Charter schools have been part of the education landscape since 1991, when Minnesota became the first state to authorize them. The Tennessee General Assembly passed a charter school law in 2002 that appropriately focused attention on “low-performing” students or students in “low-performing” schools.
Rising public anger, concern and frustration with the state’s new voter photo-ID law was entirely predictable — and as a needless as the law itself. Voter fraud, the Republicans’ pretext for passing the law in Tennessee and a number of other newly Republican-controlled state Legislatures, is and has been exceedingly rare in Tennessee and most states.
The University of Tennessee Board of Trustees is meeting today in Murfreesboro to discuss a long-term plan to address rising tuition costs and other big-picture issues. This is a step in the right direction to get a handle on UT funding, particularly since speeding up the time a student takes to graduate has become a priority.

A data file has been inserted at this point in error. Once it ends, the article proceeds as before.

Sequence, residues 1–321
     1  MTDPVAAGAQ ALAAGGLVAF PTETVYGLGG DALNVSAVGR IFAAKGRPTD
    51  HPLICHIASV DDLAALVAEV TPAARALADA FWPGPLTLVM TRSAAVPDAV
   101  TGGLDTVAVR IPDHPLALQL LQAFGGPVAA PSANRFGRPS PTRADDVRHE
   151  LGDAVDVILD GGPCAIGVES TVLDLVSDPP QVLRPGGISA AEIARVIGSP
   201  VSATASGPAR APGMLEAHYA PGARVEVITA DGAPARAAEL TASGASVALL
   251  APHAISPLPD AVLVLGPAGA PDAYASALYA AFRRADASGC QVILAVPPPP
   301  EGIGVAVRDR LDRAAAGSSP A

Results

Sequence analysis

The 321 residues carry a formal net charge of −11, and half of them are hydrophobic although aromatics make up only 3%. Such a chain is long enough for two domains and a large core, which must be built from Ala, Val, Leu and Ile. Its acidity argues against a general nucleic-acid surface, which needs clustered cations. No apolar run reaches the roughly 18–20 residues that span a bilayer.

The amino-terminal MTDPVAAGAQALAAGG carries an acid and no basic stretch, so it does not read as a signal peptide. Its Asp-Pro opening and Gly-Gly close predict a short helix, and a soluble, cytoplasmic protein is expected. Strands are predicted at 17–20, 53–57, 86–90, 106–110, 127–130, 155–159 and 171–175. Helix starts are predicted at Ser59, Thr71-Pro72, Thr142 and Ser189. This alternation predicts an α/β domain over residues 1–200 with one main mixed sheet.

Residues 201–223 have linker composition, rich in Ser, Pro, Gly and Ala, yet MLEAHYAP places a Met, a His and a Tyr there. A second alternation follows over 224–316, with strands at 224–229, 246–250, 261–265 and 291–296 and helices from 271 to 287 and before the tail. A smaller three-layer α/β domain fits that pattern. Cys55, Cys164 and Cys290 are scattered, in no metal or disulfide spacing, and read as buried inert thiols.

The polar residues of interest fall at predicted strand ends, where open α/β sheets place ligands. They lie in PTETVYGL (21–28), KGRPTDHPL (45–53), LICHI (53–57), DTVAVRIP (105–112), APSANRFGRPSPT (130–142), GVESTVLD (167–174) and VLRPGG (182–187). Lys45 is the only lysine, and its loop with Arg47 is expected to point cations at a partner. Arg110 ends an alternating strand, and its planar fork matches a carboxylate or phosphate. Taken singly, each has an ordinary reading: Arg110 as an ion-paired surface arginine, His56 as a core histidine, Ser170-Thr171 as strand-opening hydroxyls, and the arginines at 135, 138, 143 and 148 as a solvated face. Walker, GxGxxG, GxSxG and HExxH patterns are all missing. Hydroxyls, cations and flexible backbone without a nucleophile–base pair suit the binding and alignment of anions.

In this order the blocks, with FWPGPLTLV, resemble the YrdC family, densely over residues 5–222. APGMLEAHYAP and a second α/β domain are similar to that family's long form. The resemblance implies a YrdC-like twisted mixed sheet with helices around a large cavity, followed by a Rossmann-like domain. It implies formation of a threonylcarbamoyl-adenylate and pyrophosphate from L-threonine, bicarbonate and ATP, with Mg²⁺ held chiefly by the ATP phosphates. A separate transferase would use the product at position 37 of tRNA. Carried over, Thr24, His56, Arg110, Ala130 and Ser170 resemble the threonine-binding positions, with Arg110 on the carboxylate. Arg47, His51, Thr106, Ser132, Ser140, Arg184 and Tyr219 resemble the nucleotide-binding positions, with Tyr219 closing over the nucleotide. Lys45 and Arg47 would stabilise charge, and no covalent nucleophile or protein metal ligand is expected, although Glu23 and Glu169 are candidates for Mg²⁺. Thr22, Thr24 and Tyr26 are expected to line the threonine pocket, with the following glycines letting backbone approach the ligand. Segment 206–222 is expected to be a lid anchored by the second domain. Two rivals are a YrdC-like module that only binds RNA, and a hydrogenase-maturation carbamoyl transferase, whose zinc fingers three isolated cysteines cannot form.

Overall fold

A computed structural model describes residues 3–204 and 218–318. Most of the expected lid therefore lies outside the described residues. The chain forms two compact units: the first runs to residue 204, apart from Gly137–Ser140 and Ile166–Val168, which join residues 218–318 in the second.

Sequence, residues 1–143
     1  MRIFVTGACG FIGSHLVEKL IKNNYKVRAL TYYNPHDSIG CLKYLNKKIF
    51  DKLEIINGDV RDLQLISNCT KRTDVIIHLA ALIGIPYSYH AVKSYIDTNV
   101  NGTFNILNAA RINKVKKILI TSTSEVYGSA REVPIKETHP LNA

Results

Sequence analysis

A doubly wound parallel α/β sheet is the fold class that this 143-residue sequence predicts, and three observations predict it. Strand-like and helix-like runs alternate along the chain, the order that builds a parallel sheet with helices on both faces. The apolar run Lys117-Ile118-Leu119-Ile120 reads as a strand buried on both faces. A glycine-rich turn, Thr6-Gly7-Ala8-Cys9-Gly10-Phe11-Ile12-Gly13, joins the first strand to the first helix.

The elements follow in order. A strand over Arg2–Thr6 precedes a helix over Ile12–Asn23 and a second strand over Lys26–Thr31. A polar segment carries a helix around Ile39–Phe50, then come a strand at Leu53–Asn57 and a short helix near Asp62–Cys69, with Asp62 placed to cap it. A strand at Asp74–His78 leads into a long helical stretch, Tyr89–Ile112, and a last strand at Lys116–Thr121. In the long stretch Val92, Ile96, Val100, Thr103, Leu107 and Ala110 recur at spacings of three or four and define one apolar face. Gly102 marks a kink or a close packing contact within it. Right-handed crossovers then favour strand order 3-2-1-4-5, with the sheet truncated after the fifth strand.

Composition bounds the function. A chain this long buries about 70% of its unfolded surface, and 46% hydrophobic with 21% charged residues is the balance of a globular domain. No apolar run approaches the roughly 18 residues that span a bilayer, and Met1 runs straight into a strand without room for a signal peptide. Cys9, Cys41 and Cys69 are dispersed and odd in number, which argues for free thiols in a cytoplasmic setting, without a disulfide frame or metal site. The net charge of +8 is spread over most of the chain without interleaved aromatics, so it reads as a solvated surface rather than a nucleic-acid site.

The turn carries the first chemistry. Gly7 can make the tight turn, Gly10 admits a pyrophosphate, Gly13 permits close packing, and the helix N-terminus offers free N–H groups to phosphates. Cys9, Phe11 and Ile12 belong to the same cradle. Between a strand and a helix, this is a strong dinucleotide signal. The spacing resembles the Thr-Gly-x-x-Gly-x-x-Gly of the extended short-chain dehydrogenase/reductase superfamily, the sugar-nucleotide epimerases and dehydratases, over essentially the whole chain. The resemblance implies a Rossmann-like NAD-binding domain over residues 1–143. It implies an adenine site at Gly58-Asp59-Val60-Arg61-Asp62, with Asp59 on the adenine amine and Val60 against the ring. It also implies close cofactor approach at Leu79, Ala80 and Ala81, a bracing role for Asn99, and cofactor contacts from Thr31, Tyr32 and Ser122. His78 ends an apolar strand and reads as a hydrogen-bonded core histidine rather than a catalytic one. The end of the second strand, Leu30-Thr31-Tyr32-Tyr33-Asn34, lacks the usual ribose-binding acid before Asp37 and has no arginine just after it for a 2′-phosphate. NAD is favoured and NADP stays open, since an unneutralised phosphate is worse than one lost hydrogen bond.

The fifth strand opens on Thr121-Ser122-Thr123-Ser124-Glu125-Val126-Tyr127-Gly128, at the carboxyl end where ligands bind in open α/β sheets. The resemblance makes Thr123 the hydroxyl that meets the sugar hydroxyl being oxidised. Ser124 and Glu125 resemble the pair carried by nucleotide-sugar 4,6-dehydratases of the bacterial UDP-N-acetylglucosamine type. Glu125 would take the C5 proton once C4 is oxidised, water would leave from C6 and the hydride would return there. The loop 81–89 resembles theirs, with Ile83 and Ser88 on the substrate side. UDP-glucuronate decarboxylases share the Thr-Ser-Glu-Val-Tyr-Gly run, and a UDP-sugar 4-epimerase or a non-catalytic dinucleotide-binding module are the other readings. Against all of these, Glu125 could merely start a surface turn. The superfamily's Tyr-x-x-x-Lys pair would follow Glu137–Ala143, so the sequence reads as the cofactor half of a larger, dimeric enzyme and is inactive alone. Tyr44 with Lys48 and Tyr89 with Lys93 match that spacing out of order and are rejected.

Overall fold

There’s a lot of gee-whiz stuff written about the power of today’s top supercomputers. Folks like me frequently marvel at the capabilities of these machines, such as Oak Ridge National Laboratory’s Jaguar, which can perform more than 2,000 trillion calculations per second.
Streamlined agency has mission to remove the bureaucratic obstacles that have kept the Memphis community from being competitive. It has been nearly a generation since Bill Clinton won the U.S. presidency, propelled into office by the mantra “it’s the economy, stupid.”